In the current market environment it is increasingly difficult to find a good yield. U.S. Treasuries are yielding next to nothing so I have found myself looking for other options. Those options include corporate debt (including investment grade and "junk" bonds), high-dividend paying stocks, preferred shares, business development companies (BDCs), MLPs, and a host of other options.
The current turmoil in Europe can create some excellent buying opportunities in this space. One security I am watching closely is the senior notes due Sept 2019 (HTF) for Horizon Technology Finance Corporate (HRZN). HRZN (to be clear, HRZN is the symbol for the common stock of this business development company) issued these notes to yield 7.375% at par, coming due in 2019. Per the prospectus, these notes are redeemable at the issuer's option starting in 2015. Since issuance these notes have generally traded pretty close to par, typically ranging between 24.5 and 25.
The main thesis for these notes is derived from a review of the underlying common stock, HRZN. The premise here is that between the company's investment income and dividends, there is a decent level of cash cushion to help protect the interest payments on the senior notes. Additionally, BDCs are known to raise capital through equity offerings, which as a debt holder would be a good thing.
While I would like to have a longer historical record to judge (the company only came public in 2010), the recent results are promising. The company recently announced earnings for Q1 2012, which showed net investment income of just under $3.4M USD. In addition, in May the company declared slightly above $3.4M in dividends. I believe as the company puts more of the cash to use (see table below that illustrates cash levels), the net investment income can rise, however that is more of a concern for the common stock holders than the debt holders.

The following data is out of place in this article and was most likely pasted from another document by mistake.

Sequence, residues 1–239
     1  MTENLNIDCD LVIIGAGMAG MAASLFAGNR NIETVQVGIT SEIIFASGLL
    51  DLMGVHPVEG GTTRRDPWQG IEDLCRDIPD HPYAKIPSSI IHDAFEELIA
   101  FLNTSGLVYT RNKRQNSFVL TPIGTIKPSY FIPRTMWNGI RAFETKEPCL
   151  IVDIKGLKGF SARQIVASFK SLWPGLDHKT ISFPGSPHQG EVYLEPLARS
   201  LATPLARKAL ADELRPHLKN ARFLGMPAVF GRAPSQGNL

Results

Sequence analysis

|Mar 2012||Dec 2011|
|Investment Type||$ Value||% of Total||$ Value||% of Total|
For the full-year 2011 the company had net investment income of $10.5M USD and declared paid of $8.3M USD. Based on the short history the company is in a strong position to service the debt. In addition, while the portfolio companies that HRZN invests in are not investment grade quality, I like the sectors and industry the company typically lends to (see table below). I expect some of these sectors can hold up reasonably well in a poor economic environment (e.g. life sciences), being less tied to the economy than typical economically sensitive sectors.
|Mar 2012||Dec 2011|
|Sector||$ Value||% of Total||$ Value||% of Total|
|Healthcare Information & Services||34.9M||20.8%||40.2M||22.6%|
All investments carry risks and below I have highlighted what I see as the primary risks. These are not intended to capture all risks and are only the risks most relevant to my analysis.
- Interest rate risk - As with all fixed income securities, if rates move up the price would need to adjust down to remain competitive in the market.
- Risk inherent in the BDC structure - Business development companies are somewhat similar to REITs in that they will pay out the bulk of their profits to investors. While this is good from an income standpoint, it does mean that the company doesn't build up much of a cash cushion (even to the extent it does, it is in the business of putting the cash to work). The potential result could be that as these notes come due if the capital markets are in disarray the company could not have the liquidity to pay these notes off and not have the avenues to raise such capital.
- Risk related to Europe and the capital markets - Anyone reading the news knows that there is a difficult situation in Europe. Should that situation have an outcome similar to the 2008/2009 financial crisis it could put severe pressure on the capital markets. This could cause difficulty for the company to raise capital, difficulty for the portfolio companies to continue paying on their debt, or any combination of these scenarios.
- Liquidity - This investment is not a very liquid investment, so this could result in the market not being there at the very time you need or want to sell.
At the current price as of the writing of this article ($24.81) I have other places I prefer to put my money, such as Old Republic International (ORI), where I can get a high yield with a catalyst for capital appreciation. However, at slightly lower prices I would consider starting a position, with an eye toward weakness created from distress in Europe to potentially pick up more. While the risks are very real, I believe the term of these notes and the structure of the portfolio, offer a good value for the right price. As with any investment, the return expectations and level of price that is acceptable, is very much up to the individual investor. However, with treasury rates being at absurdly low levels, HTF should at least be on the watch list.
Disclaimer: This article should not be taken as investment advice, and is for informational purposes only.